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Recruiting and Retaining Top Talent During the Great Resignation
By Burnham Gibson

Written by: Dan Stevens, Financial Advisor at Burnham Gibson Wealth Advisors

The Great Resignation has affected companies all throughout the United States, and has been the result of a seismic shift in priorities within the labor market. While Covid has caused several changes within many firms, few businesses are truly conscious of the correlation between employee retention rate, and its contributing factors. Among the most talented Gen Y, millennial, and Gen Z prospects, values have shifted away from wages, and more toward benefits and flexibility. Setting aside independent contractors, this article will review exactly how companies can recruit and retain employees in order to remain competitive.

Because of the substantial turnover in the labor market and the altered priorities among job candidates, companies need to adjust to changing priorities to remain attractive. Therefore, they ought to consider factors such as benefits, retirement plan consulting, and mental health programs as part a comprehensive recruitment and retention package for their desired employees.

What’s Changed?

With inflation numbers nearing double digits, and the cost of household necessities like gas soaring, conventional wisdom suggests that young top talent would prioritize higher base pay, greater equity in the company, or more lucrative bonus structures. While obviously those are all important, it is clear that priorities have shifted. In fact, according to an Employment Confidence Survey done by Glassdoor, a staggering 80% of employees would choose additional benefits over a pay raise.[1] Benefits, retirement, and flexibility are of greater importance as the spotlight on mental health has grown substantially stronger over the past several years. In other words, employees and candidates believe that health is wealth, so prudent employers need to respond accordingly.


According to an article by The HR Director magazine, author John Corrigan argues that “…offering an affordable, yet all-encompassing health insurance plan is the best way to recruit talent…”[2] While there is nothing like a pandemic to remind folks about their family’s health insurance, other offerings like dental, life, disability, and more become attractive when competitors are offering similar or better packages.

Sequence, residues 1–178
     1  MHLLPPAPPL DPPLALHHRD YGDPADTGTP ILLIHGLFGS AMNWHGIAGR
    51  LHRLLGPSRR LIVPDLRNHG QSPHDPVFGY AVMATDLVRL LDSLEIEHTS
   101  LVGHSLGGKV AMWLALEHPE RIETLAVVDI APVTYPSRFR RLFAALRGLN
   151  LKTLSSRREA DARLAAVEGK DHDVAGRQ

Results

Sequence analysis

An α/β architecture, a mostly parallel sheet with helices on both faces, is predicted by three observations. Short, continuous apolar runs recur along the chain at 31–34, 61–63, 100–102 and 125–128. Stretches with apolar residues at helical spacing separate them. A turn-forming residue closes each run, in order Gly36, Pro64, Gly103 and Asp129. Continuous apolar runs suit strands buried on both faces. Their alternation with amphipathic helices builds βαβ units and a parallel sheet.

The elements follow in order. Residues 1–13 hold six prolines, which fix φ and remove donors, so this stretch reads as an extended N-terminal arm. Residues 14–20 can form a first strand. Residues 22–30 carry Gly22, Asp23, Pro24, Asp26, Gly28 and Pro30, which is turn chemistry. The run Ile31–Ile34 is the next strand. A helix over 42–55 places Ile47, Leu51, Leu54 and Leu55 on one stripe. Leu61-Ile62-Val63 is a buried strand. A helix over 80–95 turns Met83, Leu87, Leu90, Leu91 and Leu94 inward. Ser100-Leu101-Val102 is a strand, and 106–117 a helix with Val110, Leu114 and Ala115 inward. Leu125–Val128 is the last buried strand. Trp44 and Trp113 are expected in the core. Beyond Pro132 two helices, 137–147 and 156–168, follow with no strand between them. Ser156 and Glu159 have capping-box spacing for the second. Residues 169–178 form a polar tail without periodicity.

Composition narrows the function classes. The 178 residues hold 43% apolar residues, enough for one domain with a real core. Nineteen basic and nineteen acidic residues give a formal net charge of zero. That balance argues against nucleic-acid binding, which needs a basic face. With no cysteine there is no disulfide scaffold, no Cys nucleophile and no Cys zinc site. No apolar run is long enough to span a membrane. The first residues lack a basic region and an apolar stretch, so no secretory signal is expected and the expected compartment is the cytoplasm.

Employers looking to redirect funding in an inflation-driven world might opt for a lower quality medical plan to save on premiums. This is an obvious way to cut cost, but the reality is that plans designed with increased deductibles and higher out of pocket maximums cause further financial distress on employees and their families. In a post-covid world, employees are looking for richer benefits that provide security for themselves and their family’s changing needs.

A BRP Benefits Consultant can work hand-in-hand with an HR team to curate a benefits plan that ideally suits the company’s unique needs. They will create a plan to strengthen the workforce by meshing the company’s needs and demographics with the most competitive plans available. In doing so, professionally tailored company benefits can recruit and retain elite prospects, perhaps better than anything else. In fact, according to Jobvite’s latest Recruiter Nation Report, over half of HR professionals and recruiters surveyed claim that corporate medical and dental coverage is the most attractive benefit for new prospects.[3] This just edged out the corporate retirement plan, which was a closely-ranked second in the survey.

Retirement Plan

In today’s day and age, the labor market expects a retirement plan, such as a 401(k), as part of a benefits package. Simply having a plan available is no longer the value-add it once was. For example, offering a retirement plan through a payroll provider is a start, but offers little value via plan design, and therefore misses out on the ability to differentiate itself from competitors’ plans. Plan design refers to optimizing the structure of a retirement plan, and sets the parameters for how your and your employees’ retirement money is invested. Some examples of plan design include when employees can enter the plan, what match the company should use and when to offer it, how the vesting schedule works, weighing profit sharing and defined benefit options, and much more. Additionally, BRP’s Retirement Plan Consultants can benchmark the plan investments, the recordkeeper fees, and collaborate with third party administrators to potentially reduce multiple costs for participants. This adds tremendous value to the candidate or employee because they know their retirement is money well-saved, but also takes an enormous fiduciary load off of the finance team.